Wales will move away from Basic Payments and support farmers through a new farming scheme post-Brexit, it has been confirmed.
The current subsidy given to farmers will be scrapped after 2021, Minister for Rural Affairs Lesley Griffiths said.
She said sustainable land management will be 'at the heart' of future farm support in Wales once the UK leaves the EU.
Plans include bringing together the originally proposed economic resilience and public goods schemes into a new scheme.
Sustainable food production is a major part in the new plan. A Welsh government consultation has shown a wide range of public goods can be produced alongside food production.
But farm groups in Wales have warned that any new scheme post-Brexit must give farmers a financial incentive to safeguard food production.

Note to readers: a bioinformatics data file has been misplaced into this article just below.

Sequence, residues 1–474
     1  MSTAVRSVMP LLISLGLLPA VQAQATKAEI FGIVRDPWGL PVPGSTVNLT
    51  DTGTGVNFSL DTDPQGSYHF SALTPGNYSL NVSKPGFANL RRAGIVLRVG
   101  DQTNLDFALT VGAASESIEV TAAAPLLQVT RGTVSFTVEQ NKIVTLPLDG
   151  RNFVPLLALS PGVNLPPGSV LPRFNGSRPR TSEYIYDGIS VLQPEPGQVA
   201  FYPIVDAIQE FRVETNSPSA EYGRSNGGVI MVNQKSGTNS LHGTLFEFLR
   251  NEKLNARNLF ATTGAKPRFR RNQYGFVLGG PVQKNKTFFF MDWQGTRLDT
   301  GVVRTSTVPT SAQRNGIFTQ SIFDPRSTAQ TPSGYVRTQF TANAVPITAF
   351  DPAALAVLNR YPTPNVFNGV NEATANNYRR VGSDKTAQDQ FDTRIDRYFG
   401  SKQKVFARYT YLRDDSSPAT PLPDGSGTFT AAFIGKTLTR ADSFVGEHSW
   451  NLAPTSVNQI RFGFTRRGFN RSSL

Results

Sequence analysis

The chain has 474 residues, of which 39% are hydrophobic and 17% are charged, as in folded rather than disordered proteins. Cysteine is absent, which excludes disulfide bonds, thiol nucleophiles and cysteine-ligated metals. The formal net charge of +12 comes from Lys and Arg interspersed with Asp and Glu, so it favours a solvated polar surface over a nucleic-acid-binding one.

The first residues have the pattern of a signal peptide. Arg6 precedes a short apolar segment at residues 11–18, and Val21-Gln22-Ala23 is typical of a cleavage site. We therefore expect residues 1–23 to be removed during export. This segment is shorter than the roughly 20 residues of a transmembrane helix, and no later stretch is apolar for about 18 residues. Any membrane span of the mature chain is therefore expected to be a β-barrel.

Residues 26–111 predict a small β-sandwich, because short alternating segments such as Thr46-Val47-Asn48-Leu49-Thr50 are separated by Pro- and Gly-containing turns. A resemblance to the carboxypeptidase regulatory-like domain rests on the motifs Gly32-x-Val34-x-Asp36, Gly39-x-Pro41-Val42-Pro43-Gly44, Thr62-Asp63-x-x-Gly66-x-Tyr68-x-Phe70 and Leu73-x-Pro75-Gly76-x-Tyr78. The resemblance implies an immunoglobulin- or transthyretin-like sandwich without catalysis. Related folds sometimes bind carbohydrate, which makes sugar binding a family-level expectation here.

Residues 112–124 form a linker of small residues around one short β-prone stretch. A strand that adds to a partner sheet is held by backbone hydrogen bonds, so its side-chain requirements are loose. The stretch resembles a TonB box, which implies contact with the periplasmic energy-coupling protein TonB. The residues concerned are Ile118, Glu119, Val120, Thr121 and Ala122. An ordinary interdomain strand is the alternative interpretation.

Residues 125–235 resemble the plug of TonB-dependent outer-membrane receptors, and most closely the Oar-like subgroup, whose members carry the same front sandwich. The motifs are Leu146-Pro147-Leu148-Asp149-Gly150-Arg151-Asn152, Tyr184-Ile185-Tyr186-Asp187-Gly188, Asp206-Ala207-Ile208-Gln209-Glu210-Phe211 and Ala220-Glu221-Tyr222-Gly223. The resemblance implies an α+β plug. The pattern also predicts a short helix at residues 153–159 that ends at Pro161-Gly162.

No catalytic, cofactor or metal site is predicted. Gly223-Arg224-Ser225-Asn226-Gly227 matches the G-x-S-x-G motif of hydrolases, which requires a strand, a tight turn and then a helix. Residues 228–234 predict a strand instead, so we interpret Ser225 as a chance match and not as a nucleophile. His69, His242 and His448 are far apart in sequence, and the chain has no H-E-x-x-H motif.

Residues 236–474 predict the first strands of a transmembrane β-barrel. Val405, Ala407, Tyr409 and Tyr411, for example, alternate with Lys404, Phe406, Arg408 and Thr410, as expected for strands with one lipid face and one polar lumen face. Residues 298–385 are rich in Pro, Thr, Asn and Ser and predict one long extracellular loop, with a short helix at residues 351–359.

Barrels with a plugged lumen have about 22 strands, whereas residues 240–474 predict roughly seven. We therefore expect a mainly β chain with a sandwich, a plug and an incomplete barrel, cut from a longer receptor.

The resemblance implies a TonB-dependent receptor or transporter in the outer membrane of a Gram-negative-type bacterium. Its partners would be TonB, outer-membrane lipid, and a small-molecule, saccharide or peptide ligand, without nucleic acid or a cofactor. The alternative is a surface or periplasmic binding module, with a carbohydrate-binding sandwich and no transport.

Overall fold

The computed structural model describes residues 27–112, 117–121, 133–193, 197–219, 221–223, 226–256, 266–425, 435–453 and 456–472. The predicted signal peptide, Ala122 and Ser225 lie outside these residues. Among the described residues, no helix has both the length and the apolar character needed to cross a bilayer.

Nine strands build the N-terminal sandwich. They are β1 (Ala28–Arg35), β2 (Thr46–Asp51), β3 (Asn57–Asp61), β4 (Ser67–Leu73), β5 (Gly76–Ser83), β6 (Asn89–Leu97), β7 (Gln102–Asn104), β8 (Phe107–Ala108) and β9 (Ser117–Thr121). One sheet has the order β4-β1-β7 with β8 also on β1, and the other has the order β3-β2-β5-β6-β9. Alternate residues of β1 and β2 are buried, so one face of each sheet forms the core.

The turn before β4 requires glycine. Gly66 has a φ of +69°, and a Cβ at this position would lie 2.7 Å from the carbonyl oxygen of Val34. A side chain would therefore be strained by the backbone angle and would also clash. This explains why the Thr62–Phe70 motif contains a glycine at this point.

The policy changes announced will be explored in detail in a forthcoming consultation, which will be published in advance of the Royal Welsh Show.
Ms Griffiths said the 'case for reform remains and a new approach is needed': “This government has therefore decided Basic Payments Scheme will come to an end in Wales.
“Instead, we want to put sustainability at the heart of our future support, balancing the needs of current generation with our obligations to the next.
“Reflecting on the consultation responses, I am proposing a new single sustainable farming scheme, allowing us to explore economic, environmental and social opportunities at the same time,” she said.
The scheme proposes an annual payment to farmers in return for the environmental outcomes delivered on their farm - targeted at reversing biodiversity decline, meeting carbon budgets and hitting clean air targets.
Ms Griffiths said the responses to the consultation highlighted the production of food and the production of public goods can go hand in hand.
She added: “In many cases, the same action, done in the right way, can contribute to both outcomes. We want to pay for these environmental outcomes.
“In this way, we can support sustainable food production.”